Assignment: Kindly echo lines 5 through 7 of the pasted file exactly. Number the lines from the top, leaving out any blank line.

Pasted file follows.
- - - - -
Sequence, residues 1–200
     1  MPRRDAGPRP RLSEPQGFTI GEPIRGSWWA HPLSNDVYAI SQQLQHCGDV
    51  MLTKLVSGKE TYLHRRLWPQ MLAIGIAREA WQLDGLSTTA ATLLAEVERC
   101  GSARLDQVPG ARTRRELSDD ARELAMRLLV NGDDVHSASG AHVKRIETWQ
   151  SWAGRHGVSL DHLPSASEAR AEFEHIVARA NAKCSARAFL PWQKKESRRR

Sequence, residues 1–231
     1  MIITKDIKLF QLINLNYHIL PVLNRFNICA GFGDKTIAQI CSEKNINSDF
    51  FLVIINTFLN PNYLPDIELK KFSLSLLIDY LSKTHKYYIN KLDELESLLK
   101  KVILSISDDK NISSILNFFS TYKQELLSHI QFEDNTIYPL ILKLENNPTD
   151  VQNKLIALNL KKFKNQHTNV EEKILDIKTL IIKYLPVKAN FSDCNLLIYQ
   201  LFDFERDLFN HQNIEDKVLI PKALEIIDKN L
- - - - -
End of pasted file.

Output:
   151  SWAGRHGVSL DHLPSASEAR AEFEHIVARA NAKCSARAFL PWQKKESRRR

Sequence, residues 1–231
     1  MIITKDIKLF QLINLNYHIL PVLNRFNICA GFGDKTIAQI CSEKNINSDF